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AFB  ®
Technology News for People Who Are Blind or Visually Impaired
From the American Foundation for the Blind
 May 2001 Issue  Volume 2  Number 3

News

Personnel Changes at Freedom Scientific

In March 2001 Deane Blazie and Ted Henter exchanged their positions as Vice Presidents of Freedom Scientific for new roles as Senior Consultants on Technical and Industry Matters for the company. Deane Blazie founded and owned Blazie Engineering, and Ted Henter founded and owned Henter-Joyce; both companies were acquired by Freedom Scientific in April 2000. Bryan Blazie, 13-year veteran of Blazie Engineering and former Vice President of Product Management for Freedom Scientific, announced his resignation in March 2001 to pursue other interests. For more information, contact: Freedom Scientific; phone: 727-803-8000; web site: www.freedomscientific.com.

Washington Watch

In February 2001, the Architectural and Transportation Barriers Compliance Board (Access Board) issued its final accessibility standards for electronic and information technology as required in Section 508 of the Rehabilitation Act (1978). Section 508 requires that electronic and information technology used by federal agencies be as accessible to federal employees and members of the public who are disabled as it is to nondisabled people. The new standards provide technical criteria that specifically relate to various types of technologies, such as software applications and operating systems web-based information or applications, telecommunications functions, video or multi-media products, self-contained, closed products such as information kiosks and transaction machines, and computers. The standards also address compatibility with adaptive equipment used by people with disabilities for information and communication access. For more information, contact: The Access Board; phone: 202-272-5434; web site: www.access-board.gov/news/508-final.htm.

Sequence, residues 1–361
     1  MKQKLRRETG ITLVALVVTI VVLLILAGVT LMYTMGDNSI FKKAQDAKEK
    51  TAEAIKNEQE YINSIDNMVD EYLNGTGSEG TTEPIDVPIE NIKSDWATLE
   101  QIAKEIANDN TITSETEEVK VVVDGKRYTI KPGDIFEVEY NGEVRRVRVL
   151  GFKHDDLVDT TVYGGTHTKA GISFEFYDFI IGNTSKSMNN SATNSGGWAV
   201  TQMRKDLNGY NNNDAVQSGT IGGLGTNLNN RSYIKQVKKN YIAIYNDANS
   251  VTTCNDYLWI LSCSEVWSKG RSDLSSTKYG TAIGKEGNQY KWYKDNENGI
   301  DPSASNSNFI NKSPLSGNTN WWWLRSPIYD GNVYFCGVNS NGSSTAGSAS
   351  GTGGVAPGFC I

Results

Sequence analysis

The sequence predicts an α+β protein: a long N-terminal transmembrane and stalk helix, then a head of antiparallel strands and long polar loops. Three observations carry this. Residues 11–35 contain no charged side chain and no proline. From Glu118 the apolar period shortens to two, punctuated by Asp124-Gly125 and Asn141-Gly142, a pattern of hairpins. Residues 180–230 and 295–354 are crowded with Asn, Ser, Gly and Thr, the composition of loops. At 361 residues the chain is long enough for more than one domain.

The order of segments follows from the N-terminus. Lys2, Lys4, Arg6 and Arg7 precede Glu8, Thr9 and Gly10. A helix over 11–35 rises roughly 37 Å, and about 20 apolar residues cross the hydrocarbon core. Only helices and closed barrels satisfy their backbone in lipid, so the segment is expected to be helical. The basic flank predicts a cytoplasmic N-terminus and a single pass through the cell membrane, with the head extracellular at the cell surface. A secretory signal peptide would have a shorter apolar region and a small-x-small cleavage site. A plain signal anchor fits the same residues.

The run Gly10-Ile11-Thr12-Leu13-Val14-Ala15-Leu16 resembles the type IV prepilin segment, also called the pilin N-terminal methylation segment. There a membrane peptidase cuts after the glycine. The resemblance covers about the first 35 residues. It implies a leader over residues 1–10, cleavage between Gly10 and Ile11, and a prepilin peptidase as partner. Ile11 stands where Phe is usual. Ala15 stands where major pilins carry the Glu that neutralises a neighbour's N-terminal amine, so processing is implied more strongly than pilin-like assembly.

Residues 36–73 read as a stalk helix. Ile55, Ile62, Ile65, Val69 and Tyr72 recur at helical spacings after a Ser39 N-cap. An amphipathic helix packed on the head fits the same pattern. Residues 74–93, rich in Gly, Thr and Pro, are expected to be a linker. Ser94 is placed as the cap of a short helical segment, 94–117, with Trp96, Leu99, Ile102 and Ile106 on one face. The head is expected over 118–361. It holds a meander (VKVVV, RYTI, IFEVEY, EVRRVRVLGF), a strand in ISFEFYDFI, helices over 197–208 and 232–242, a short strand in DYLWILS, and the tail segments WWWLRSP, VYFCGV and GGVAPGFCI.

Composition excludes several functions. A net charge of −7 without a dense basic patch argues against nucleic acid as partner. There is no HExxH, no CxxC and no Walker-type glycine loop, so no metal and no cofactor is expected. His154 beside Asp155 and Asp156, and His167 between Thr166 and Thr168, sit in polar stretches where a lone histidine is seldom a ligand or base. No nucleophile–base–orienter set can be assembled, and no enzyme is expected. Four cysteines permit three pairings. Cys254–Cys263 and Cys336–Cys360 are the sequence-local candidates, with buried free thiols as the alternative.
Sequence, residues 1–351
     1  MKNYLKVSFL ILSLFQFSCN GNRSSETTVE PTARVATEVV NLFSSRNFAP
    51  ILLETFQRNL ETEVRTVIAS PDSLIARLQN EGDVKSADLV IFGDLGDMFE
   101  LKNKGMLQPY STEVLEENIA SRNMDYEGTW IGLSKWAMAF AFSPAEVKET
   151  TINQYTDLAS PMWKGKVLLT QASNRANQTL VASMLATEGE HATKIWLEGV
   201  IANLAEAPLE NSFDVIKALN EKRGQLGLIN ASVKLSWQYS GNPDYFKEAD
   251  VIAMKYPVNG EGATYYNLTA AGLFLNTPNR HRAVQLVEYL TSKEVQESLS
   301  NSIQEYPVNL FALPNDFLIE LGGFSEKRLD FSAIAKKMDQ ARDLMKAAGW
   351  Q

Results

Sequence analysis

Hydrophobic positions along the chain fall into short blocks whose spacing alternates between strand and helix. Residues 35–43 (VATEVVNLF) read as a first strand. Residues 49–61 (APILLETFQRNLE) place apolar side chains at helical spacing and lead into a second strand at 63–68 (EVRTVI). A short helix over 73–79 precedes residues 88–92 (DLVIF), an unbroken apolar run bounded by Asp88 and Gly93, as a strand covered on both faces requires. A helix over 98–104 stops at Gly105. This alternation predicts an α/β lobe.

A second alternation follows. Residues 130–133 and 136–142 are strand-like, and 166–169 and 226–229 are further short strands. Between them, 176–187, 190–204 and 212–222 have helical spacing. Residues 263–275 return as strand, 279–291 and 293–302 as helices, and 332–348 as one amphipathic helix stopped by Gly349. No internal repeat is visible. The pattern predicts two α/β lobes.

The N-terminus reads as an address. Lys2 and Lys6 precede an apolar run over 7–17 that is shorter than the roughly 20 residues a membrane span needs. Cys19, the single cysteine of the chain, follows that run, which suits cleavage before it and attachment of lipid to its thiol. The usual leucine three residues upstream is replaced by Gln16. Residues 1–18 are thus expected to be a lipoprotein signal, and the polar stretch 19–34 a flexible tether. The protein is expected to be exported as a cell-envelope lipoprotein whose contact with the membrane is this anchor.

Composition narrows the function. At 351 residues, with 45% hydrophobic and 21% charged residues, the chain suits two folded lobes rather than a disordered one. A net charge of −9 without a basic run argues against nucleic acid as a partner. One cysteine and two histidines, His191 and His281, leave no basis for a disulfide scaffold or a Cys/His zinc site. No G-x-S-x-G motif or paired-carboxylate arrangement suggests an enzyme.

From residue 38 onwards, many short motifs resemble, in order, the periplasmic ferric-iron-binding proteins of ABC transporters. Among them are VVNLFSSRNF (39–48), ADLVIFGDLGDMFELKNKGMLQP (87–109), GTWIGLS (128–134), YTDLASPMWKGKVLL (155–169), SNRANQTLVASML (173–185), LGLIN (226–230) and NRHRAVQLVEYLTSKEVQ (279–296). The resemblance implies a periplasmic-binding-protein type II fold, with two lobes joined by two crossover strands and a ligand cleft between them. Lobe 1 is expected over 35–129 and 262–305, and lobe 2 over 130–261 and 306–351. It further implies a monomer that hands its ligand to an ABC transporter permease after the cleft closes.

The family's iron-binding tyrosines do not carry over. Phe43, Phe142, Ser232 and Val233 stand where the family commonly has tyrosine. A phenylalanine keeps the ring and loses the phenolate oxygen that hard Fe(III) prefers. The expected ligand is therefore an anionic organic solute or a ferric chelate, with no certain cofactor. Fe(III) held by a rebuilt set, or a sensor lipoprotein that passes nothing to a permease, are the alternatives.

Also in February 2001, U.S. President George W. Bush released the Freedom Initiative on Disability, a set of policies that are designed to promote greater inclusion of people with disabilities in society. Among the proposals detailed in the initiative are: increase the federal investment in assistive technology research and development, expand funding for the Individuals with Disabilities Education Act, integrate people with disabilities into the workforce, and promote full access to community life. The initiative also calls for the following: low interest loans for people with disabilities to purchase computers and other equipment that would allow them to work from home, increased federal funding of low interest loans for the purchase of assistive technology, and additional funding for the purchase of assistive technology by small businesses to help them comply with ADA. The Freedom Initiative on Disability is available online at www.fcc.gov/cib/dro/#headlines. For more information, contact: Disability Rights Office; phone: 888-835-5322; web site: www.fcc.gov/cib/dro.

Interact with Your Television

The Corporation for Public Broadcasting, WGBH National Center for Accessible Media (NCAM), and America Online (AOL) plan to enter into a research partnership to utilize NCAM's Access to Convergent Media Project to explore ways to make graphically rich interactive television products, like AOLTV, accessible to people who are blind or visually impaired. NCAM plans to use AOLTV as a model to produce a set of guidelines designed to provide accessible design guidance to cable TV providers, set-top box developers, and manufacturers of over-the-air digital television receivers. Initial efforts will focus on improving the accessibility of EPGs (electronic program guides) by integrating text-to-speech technology to facilitate audio output of graphical information.

For more information, contact: National Center for Accessible Media, WGBH Educational Foundation; phone: 617-300-3401; web site: www.wgbh.org.

Swap e-Books at New Internet Library

Benetech, the nonprofit technology company that was formed when Arkenstone was acquired by Freedom Scientific, announced its new venture, Bookshare.org. The web site is designed to be an Internet library for people who are blind or visually impaired to legally store and share scanned publications. The e-book format provided through Bookshare.org will be based on the DAISY/NISO standards, and e-books featured on the site will be formatted so they can be read by screen-reading programs; a Grade 2 braille extension is also expected to be implemented. Bookshare.org will be launched in 2001. For more information, contact: Benetech; phone: 650-603-8880; web site: www.benetech.org/projects/bookshare.shtml.